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View Full Version : Getting a prop stretcher...in a few days.



Icewalker
2011-02-26, 10:48 PM
Hey there, so I've got a touch of trouble at the moment. I'm in a production of Richard III. And we need a stretcher to carry on a body for one scene. Something apparently we don't have and probably won't be able to get.

I've told the director that I'd rather build a stretcher myself that not have one to carry on in that scene, as carrying a person without one looks incredibly awkward. And, I was being honest. So basically, here I am, with the first show on Wednesday, in need to finding or making a stretcher within a few days.

My first idea was to build something. Obviously buying something would be easier, although I really don't know where or how to do that...so if anybody has possibilities there, I'd be grateful, as it'd save me no end of trouble.

As to building something, which is my fallback, and likely going to be the plan. I'm trying to figure out how to best simply put something together. I was thinking, just get a couple thick wooden dowels, and a sheet or something, and then probably some kind of strange cutting and knotting pattern to attach them. Not sure how to go about that attaching, nor necessarily what the best material might be to use for it to be sturdy enough to actually carry a person. Maybe a tarp would be better?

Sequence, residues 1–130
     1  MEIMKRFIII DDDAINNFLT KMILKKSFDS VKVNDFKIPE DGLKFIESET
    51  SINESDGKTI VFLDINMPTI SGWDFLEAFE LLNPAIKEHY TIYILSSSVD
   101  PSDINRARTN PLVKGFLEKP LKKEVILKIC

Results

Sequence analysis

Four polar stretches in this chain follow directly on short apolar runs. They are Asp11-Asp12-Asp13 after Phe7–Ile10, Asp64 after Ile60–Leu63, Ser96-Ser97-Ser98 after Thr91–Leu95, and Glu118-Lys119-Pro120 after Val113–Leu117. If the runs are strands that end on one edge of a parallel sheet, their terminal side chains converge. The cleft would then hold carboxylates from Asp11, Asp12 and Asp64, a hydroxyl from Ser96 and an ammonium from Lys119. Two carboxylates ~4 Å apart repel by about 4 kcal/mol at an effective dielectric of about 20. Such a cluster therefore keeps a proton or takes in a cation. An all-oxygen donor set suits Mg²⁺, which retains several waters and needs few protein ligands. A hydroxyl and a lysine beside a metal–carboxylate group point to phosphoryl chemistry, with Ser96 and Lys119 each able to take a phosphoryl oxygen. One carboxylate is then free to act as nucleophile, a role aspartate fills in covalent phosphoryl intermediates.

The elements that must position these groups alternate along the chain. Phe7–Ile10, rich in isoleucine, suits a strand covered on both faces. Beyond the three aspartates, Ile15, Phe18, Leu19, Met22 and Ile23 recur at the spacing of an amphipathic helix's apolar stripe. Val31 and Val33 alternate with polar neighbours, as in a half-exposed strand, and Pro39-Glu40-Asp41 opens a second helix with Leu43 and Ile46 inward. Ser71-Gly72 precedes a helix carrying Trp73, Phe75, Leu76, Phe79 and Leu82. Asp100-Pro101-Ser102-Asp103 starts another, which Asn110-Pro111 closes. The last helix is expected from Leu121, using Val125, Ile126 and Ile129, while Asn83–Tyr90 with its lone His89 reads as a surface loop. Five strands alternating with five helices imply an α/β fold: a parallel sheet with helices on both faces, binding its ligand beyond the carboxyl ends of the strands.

Appearance isn't important. It should be covered anyway for nearly all of the scene.

Haruki-kun
2011-02-26, 10:57 PM
Probably sown together? It's sturdy, or so I hear. Or you could try other things like... fishing nets or something like that. Those are pretty strong.

RS14
2011-02-26, 11:35 PM
Get a couple of thick, long wooden rods. Fold them in heavy canvas (from your local textile shop) in such a manner that friction will hold them together when supporting weight (http://www.youtube.com/watch?v=7pEmmJEuymg) . Get some thread, stitch the canvas together at the edges, so it stays together when unloaded.

Icewalker
2011-02-27, 03:34 AM
That looks pretty much perfect. Incredibly helpful video. Now I just need to go and get some heavy canvas, and I'm good. Also figure out a good way to do that stitching. I can (barely and very poorly) sew, but I only have very thin thread I believe, and feel that might not be the best plan.

Nibleswick
2011-02-27, 03:38 AM
Just reinforce your seams a few times it'll be fine. Oh, and ask the costume folk if you can use their sewing machine for a bit (or get one of them to do it for you if you are really not confident). It will only take about ten minutes at the most.

Mercenary Pen
2011-02-27, 03:49 AM
All the chaos people go through to create or acquire props for theatre... fun times- though in our case it was a matter of mocking up a helicopter one year using a section of rostrum as a base for it.

So no, I know nothing about strange prop requirements, nothing at all. *looks shifty eyed and backs away*

Good luck with the show dude. Hope you're confident with what you're doing and hope it goes well.

Adumbration
2011-02-27, 04:30 AM